Judge considers tossing confession in South Side bicyclist stabbing

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On Oct. 24, 2012, attorney Daniel Joyce called Pittsburgh homicide detectives and specifically asked them not to speak to his client without him being present.

The next day detectives went to the Allegheny County Jail where Anthony Scholl was being held on other charges, picked him up and took him to their headquarters, where he promptly confessed to a brutal stabbing of a bicyclist on the South Side.

Mr. Joyce wasn't called, but Mr. Scholl's mother was.

Now, Mr. Scholl's new defense attorney, Ryan Tutera, is asking a judge to throw out the confession, saying that it was improperly obtained.

"The police knew at the time they made contact with Anthony Scholl Jr. that he was a) represented and b) in no condition to speak."

Mr. Scholl, 22, of West Mifflin is charged with attacking Colin Albright on Sept. 5, 2012.

According to investigators, Mr. Scholl was driving across the Hot Metal Bridge that day when Mr. Albright cut him off while riding on a bicycle. Mr. Albright then walked up the city steps near Josephine Street when, police said, Mr. Scholl chased him and stabbed him. The knife narrowly missed Mr. Albright's carotid artery and brain stem.

It took weeks before police identified Mr. Scholl as a suspect.

After detectives took Mr. Scholl to headquarters on Oct. 25, 2012, they waited to question him until after his mother, Patricia Arlett, arrived.

She testified at a hearing that started Monday before Allegheny County Common Pleas Judge Jeffrey A. Manning that Detectives James McGee and Hal Bolin told her and her son that if he would give a statement they would knock the charges down to simple assault.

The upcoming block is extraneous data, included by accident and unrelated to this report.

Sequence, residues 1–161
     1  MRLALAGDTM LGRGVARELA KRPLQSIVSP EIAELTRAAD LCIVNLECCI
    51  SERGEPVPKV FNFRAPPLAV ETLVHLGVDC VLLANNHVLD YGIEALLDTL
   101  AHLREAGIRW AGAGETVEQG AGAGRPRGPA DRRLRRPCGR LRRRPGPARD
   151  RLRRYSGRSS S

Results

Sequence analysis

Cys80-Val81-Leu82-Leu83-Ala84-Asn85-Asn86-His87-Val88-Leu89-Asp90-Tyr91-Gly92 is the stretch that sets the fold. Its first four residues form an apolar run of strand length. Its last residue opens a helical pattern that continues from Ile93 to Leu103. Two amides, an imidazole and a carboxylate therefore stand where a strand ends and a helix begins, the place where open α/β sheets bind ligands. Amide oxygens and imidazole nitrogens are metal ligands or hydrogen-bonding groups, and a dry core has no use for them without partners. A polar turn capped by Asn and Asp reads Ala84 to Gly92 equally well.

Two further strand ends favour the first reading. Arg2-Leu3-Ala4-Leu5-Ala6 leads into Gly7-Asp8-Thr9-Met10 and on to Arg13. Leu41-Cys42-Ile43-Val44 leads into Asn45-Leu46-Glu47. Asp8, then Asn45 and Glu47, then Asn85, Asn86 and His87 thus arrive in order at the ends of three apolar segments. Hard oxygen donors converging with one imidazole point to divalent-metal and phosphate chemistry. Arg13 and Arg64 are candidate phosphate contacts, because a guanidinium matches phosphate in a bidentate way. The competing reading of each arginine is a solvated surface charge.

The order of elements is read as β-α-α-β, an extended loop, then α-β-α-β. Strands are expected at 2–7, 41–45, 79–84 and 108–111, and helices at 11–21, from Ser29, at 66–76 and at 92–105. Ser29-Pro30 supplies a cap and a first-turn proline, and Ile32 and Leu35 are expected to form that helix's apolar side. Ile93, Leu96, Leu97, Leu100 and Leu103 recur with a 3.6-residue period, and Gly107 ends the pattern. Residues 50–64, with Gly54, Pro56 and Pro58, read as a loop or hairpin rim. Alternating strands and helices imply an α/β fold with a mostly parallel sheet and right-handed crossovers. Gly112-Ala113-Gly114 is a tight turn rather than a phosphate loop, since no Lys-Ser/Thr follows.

She signed what she thought was paperwork to that effect, although it was really her son's Miranda rights waiver form.

"I didn't read it. I just assumed ... I trusted the cop that that was the agreement," Ms. Arlett testified.

Later, when asked by assistant district attorney Kevin Chernosky if she was in the habit of signing documents she hadn't read, Ms. Arlett answered, "I was frantic. I trusted the cop. I didn't know what to do."

Mr. Tutera further argued to Judge Manning that his client had just been released from the psychiatric unit at Jefferson Regional Medical Center and was not in the proper mind-set to be interviewed. He was being treated for psychosis and had been released from the hospital just six days earlier.

Mr. Tutera said that his client's mother hired Mr. Joyce and had already paid him to represent her son, including the possibility of representing him in future cases. Further, he said, the police were aware of that and instead showed "disrespect" for his client's rights.

But Judge Manning countered, "Does not the client have to invoke the right to counsel and not the lawyer?"

Mr. Chernosky agreed.

"Those rights are personal to the defendant. Nobody can invoke them on his behalf. As long as you don't invoke that right, the questioning can proceed."

Judge Manning will make his decision on the confession in the coming days.

Paula Reed Ward: pward@post-gazette.com, 412-263-2620 or Twitter: @PaulaReedWard.

Paula Reed Ward: pward@post-gazette.com or 412-263-2620. Twitter: @PaulaReedWard. First Published December 3, 2013 1:13 PM

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